One day after the disturbing video of Tyre Nichols' brutal arrest earlier this month was made public, the Memphis Police Department said on Saturday that its Scorpion squad had been "permanently decommissioned."
That unit included all five of the former officers who participated in Nichols' arrest and have subsequently been charged with second-degree murder in connection with his passing.
The choice was made during a meeting on Saturday between members of the unit and Memphis Police Chief Cerelyn "CJ" Davis "to address the route ahead for the department and the community in the wake of the terrible murder of Tyre Nichols," according to a statement from the department.
According to the statement, officials decided that permanently deactivating the Scorpion Unit was "in the greatest interest of everybody."
The officers of Scorpion concurred "unconditionally" with the choice, the department said. Since Nichols' arrest on January 7, the Scorpion unit has been dormant, according to Memphis Mayor Jim Strickland, who said this in a news release on Friday.
More than twenty policemen were assigned to the Street Crimes Operation to Restore Peace in Our Neighborhoods (SCORPION). They had "POLICE" printed over the front and back of their tactical black jackets, black hoodies, and dark-colored Dodge Chargers with the Scorpion logo.
According to the agency, they patrolled in groups and occasionally stopped low-level traffic to look for violent offenders, narcotics, or weapons.
The statement from Saturday said, "While the terrible actions of a few threw a veil of disgrace on the title "Scorpion," it is vital that we, the Memphis Police Department, take proactive measures in the healing process for those impacted."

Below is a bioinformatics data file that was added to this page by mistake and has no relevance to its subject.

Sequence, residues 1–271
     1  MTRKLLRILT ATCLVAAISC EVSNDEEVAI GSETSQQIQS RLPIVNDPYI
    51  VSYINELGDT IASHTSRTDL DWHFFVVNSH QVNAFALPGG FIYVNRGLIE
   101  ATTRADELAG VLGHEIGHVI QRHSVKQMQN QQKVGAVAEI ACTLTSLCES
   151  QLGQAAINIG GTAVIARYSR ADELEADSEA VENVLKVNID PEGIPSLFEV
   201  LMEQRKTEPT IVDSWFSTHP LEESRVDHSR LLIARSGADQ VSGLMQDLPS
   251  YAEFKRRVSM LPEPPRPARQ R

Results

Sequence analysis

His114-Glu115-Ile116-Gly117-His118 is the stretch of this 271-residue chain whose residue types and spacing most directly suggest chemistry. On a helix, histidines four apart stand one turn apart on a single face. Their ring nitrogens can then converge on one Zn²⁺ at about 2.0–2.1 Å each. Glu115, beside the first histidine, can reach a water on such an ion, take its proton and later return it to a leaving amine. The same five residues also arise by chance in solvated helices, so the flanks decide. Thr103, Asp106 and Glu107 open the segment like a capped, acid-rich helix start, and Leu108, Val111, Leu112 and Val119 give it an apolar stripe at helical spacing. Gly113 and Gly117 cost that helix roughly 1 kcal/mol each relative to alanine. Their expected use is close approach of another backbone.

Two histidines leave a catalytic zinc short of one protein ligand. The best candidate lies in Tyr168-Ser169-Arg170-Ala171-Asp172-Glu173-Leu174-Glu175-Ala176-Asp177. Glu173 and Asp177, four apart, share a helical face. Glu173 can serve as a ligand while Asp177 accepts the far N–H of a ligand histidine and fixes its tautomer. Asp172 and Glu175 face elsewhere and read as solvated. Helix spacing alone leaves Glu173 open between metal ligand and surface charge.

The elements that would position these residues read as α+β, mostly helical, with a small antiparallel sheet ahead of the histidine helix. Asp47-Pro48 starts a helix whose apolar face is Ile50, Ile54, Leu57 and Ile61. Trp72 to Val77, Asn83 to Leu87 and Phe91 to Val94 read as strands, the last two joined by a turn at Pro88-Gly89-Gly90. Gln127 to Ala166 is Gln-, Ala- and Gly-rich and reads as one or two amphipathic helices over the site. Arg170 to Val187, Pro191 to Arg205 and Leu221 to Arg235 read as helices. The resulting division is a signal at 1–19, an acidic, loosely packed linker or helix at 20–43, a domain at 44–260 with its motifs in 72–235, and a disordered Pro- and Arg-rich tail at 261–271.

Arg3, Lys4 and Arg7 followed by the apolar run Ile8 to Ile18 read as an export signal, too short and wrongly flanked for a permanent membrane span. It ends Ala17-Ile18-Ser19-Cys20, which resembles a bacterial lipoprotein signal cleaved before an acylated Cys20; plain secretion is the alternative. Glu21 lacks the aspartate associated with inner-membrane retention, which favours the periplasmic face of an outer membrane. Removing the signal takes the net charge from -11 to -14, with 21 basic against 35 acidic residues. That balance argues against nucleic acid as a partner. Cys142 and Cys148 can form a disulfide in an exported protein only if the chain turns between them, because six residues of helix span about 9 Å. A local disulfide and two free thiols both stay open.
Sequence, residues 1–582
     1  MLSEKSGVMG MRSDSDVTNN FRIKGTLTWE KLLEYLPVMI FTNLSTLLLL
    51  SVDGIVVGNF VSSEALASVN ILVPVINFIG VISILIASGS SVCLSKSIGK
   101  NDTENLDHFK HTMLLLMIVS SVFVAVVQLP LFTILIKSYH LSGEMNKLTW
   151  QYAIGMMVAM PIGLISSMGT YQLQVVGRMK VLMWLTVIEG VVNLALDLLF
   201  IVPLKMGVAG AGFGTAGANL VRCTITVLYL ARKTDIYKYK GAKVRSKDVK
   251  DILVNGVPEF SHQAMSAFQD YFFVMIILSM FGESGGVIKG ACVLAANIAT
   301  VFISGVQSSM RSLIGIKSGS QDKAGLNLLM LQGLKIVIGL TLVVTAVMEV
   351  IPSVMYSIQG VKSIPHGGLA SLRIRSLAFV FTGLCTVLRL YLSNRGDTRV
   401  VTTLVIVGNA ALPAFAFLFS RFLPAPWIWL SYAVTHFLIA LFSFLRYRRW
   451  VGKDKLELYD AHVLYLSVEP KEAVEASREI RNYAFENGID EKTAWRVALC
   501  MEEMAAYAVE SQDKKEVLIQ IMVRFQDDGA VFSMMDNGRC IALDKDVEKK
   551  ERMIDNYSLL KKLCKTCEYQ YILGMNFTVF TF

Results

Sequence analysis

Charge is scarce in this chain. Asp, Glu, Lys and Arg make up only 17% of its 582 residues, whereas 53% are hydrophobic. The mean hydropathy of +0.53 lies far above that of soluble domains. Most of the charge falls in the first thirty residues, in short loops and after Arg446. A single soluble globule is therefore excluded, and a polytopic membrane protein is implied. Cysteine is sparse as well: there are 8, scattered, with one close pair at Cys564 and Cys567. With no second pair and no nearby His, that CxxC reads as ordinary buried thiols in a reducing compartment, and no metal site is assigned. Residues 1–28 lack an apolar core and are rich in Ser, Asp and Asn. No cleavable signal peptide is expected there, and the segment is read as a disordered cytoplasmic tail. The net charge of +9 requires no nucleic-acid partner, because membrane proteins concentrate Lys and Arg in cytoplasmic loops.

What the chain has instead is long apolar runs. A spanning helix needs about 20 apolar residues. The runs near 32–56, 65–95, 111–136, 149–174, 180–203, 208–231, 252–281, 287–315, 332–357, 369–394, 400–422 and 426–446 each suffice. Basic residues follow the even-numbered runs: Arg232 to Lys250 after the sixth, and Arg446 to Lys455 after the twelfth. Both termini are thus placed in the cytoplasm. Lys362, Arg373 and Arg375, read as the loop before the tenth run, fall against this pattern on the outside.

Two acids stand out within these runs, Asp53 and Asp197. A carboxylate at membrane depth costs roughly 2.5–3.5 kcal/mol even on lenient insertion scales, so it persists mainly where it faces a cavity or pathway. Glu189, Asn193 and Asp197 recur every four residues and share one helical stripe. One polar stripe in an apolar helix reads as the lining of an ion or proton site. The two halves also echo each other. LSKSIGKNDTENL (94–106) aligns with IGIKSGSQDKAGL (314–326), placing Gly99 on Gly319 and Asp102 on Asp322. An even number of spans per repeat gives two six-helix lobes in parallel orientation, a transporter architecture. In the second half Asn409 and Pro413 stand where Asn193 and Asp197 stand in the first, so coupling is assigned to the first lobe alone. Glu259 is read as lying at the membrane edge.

Three days after being forcibly taken into custody after a traffic stop by Memphis police, 29-year-old Nichols passed away on Jan. 10. Nichols was pepper sprayed, stomped in the head while being held, punched, and repeatedly assaulted with a baton, according to bodycam and surveillance footage that was made public on Friday.
Demetrius Haley, Tadarrius Bean, Emmitt Martin III, Desmond Mills Jr., and Justin Smith are the five former cops who were later dismissed. They ranged in age from 24 to 32 and were appointed between 2017 and 2020. The five cops are all facing charges of murder and other offenses.
Strickland also stated that the city was "initiating an outside, independent examination of the training, rules, and operations of our specialized teams" in his news briefing on Friday.
The actions of the Memphis police officers who are accused of fatally beating Tyre Nichols are abhorrent in their ferocity and depressing in that they demonstrate how little police reform has advanced in recent years.
On January 7, police dragged a black man, Nichols, 29, out of his car during a traffic check, shoved him to the ground, yelled threats at him, and then pepper sprayed him in the face.
There are still unanswered questions regarding why Nichols was stopped; according to Memphis Police Chief Cerelyn "CJ" Davis, they were unable to verify accusations that he had been driving dangerously.
After struggling to stand up and flee, Nichols was discovered a short while later. The cops can be seen beating Nichols with a baton, kicking him in the head, and repeatedly hitting him before propping him up against a police cruiser, according to body camera and surveillance footage that was made public on Friday.
In the crucial minutes that followed the beating, the police continued to wander around without providing any assistance.
After waiting more than 20 minutes for an ambulance to arrive, Nichols passed away three days later after suffering "extensive bleeding caused by a violent beating," according to the preliminary findings of an autopsy ordered by his family's lawyers.
It was obvious to me based on my 28 years of experience as a former police officer and captain that the officers lacked oversight, displayed little professional maturity, and escalated a situation into what would ultimately become a deadly encounter through gross negligence and a complete disregard for human life.
Given that all five of the cops who were accused of murder are black, the harm is even more upsetting for the black community. Black community members frequently anticipate that black cops will serve as their leaders.